The Koala Conservation Centre also features a visitor interpretation centre with gift shop and educational displays, which visitors will find extremely fascinating and informative. The Koala Conservation Centre is part of the Phillip Island Nature Parks and is a great addition to any trip to Phillip Island and the Penguin Parade.
Kyabram Fauna Park
• Lake Rd, KYABRAM VIC • Ph: 03 5852 2883 • Fax: 03 5853 2336
• Open 7 days — 9:30 am - 5:30 pm
Details: This award winning attraction allows visitors to share the relaxed natural surroundings with more than 100 species of Australia's unique wildlife that include koalas, parrots, Tasmanian Devils, owls, water birds, reptiles, dingoes, kangaroos and much, much more.

Located on 55 ha of open parkland and lakes, this fauna park is run by the Community of Kyabram as a non-profit project. All monies received are used for the development and maintenance of exhibits, grounds and conservation projects, for which the Park is renowned.

Displaying Australian Native Wildlife, the park aims to provide the fauna with a natural environment, which allows the visitors to experience the true beauty and gentleness of our wildlife heritage. The park is home to some 500 Australian native animals, birds and reptiles.

To check out some of our images, click here...
Nowra Wildlife Park
• Rockhill Rd, NORTH NOWRA NSW 2541 • Ph: 02 4421 3949
Details: The largest native animal park on the NSW South Coast. Set on 16 acres of native bushland on the banks of the Shoalhaven River, there are over 100 species of animals birds and reptiles.
Symbio Wildlife Gardens
• 7-11 Lawrence Hargrave Drv, STANWELL TOPS NSW 2058
• Ph: +61 2 4294 1244 • Fax: +61 2 4294 1734 • Email (online form)
Details: Only 45 minutes south of Sydney, this wildlife zoo is designed to give “hands-on experience”. Set in 16 acres of natural bushland, there are a huge variety of animals from native, farmyard and exotics that the visitor can experience that include koalas, wallaroos, red kangaroos, swamp wallabies, emus, echidnas, wombats and dingos.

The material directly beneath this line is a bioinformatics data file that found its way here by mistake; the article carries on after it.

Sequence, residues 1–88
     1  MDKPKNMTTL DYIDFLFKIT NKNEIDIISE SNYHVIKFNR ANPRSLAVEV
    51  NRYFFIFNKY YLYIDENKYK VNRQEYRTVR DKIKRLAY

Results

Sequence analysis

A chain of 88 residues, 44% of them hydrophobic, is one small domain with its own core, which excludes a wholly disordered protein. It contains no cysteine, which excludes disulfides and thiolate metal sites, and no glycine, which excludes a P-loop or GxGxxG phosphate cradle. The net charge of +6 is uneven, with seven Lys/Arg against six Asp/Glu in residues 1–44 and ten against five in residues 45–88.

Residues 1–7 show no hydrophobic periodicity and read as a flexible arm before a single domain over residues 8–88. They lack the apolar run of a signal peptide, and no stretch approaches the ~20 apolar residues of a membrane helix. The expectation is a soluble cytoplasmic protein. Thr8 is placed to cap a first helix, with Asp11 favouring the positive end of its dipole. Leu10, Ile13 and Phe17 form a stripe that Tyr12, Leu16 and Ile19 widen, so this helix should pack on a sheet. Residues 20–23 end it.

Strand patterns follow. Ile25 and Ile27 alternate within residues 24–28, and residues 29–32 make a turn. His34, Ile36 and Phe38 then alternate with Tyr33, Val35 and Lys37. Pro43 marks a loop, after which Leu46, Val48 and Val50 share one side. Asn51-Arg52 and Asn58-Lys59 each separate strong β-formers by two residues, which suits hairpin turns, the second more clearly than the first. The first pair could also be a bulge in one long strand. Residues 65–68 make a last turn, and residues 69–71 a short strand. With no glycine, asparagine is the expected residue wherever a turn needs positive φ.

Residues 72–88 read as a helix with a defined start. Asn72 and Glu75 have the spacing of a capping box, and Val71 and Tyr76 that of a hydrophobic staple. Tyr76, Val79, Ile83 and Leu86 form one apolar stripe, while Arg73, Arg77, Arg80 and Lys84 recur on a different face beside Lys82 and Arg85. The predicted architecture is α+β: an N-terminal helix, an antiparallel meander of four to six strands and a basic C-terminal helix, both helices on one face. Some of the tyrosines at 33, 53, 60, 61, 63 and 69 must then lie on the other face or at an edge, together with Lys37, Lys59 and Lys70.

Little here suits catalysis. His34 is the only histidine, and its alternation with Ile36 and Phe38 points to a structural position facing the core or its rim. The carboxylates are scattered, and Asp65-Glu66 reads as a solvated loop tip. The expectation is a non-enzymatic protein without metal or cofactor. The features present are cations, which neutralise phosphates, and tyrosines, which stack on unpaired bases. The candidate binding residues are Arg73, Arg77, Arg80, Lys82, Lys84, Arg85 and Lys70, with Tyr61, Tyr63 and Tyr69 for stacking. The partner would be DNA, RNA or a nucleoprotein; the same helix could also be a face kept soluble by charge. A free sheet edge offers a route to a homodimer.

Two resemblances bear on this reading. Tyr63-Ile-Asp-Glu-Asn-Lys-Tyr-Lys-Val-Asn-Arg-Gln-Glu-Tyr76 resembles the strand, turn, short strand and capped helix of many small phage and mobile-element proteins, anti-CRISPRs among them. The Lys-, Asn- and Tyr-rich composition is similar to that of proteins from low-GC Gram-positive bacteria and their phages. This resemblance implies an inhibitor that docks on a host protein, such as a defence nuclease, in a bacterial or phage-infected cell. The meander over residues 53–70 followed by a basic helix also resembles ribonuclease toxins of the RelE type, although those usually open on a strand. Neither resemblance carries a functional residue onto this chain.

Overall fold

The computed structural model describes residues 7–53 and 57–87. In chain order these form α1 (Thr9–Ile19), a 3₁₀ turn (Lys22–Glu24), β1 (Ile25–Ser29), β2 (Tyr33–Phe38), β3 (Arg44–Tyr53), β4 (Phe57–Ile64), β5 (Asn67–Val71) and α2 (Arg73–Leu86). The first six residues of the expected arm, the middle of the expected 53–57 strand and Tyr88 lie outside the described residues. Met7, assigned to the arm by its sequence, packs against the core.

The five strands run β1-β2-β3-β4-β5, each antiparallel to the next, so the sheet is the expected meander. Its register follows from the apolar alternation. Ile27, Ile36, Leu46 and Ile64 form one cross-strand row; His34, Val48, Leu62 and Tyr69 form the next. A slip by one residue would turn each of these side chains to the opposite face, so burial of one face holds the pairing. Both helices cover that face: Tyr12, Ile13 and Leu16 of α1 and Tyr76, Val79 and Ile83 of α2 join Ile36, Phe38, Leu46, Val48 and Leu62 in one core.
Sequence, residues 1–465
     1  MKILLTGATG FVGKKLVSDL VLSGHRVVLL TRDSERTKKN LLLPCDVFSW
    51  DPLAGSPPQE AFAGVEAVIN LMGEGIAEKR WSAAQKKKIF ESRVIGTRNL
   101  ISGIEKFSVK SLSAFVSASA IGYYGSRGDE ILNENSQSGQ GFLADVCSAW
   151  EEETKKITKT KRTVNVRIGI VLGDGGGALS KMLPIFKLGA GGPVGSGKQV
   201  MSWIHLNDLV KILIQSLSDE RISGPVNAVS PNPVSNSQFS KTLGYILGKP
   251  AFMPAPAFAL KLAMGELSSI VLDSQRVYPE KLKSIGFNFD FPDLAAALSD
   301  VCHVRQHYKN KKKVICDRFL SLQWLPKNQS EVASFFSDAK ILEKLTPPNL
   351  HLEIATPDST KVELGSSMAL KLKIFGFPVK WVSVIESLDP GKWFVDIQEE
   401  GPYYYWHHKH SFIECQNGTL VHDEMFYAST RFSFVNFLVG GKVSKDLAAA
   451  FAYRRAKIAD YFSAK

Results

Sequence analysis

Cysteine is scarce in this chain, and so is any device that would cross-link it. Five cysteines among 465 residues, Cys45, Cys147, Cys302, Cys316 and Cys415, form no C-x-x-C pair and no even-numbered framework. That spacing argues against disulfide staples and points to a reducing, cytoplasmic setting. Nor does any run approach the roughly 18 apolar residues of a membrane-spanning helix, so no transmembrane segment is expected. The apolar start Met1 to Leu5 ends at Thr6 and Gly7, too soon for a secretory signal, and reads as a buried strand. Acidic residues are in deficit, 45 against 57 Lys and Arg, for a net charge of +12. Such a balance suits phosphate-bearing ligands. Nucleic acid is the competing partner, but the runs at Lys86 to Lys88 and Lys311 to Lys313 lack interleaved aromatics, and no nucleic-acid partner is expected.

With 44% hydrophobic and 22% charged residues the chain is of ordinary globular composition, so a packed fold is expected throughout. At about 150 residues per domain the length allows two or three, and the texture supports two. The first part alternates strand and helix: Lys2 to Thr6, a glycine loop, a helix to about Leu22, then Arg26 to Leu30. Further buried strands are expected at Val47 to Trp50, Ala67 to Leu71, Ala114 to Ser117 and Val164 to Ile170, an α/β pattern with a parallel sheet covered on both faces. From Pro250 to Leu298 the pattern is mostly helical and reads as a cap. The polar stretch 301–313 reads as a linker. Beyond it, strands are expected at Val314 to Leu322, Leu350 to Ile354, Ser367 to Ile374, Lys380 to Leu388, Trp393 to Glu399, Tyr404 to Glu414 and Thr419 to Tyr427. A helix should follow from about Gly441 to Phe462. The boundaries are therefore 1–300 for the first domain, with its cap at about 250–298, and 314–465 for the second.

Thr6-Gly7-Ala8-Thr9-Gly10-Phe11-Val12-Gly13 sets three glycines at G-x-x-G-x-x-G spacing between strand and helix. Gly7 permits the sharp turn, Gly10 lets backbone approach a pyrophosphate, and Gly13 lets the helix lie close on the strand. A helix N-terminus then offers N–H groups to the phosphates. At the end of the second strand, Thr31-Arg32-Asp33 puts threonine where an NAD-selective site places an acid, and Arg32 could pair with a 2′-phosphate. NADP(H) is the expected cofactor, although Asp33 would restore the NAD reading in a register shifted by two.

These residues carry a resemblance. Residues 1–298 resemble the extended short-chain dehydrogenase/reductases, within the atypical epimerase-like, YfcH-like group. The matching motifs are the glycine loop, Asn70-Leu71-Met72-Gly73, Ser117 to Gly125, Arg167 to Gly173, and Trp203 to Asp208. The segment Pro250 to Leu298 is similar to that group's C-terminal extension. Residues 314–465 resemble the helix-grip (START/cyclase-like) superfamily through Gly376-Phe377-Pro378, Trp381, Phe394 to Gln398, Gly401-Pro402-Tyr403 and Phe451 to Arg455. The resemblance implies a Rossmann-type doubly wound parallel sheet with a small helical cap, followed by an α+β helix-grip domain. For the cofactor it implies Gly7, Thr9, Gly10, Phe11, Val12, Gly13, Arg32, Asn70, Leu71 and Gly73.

For those into reptiles, there are non-venomous snakes, as well as a variety of lizards, turtles, and the awesome lace Monitors. There are daily demonstrations, talks, coffee shop, kiosk, picnic areas, BBQ, and swimming pools.
Taronga Park Zoo
• PO Box 20, Bradleys Head Rd, MOSMAN NSW 2088 • Ph: +61 2 9969 2777 (General Enquiries) • Email • Ph: +61 2 9978 4782 (Tourism) • Fax: +61 2 9969 7515 • Email (tourism)
Details: Located on the shores of Sydney Harbour and only 12 minutes by ferry from Circular Quay.

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Koala - Other links

NSW National Parks & Wildlife Service
 Check out their fact sheets, includes the koala.
Australian Koala Foundation
• Level 1, 40 Charlotte St, BRISBANE QLD 4000
• Ph: +61 7 3229 7233 • Fax: +61 7 3221 0337 • Email
The principal non-governmental organisation dedicated to saving the koala and its habitat. Includes facts and latest news about koalas.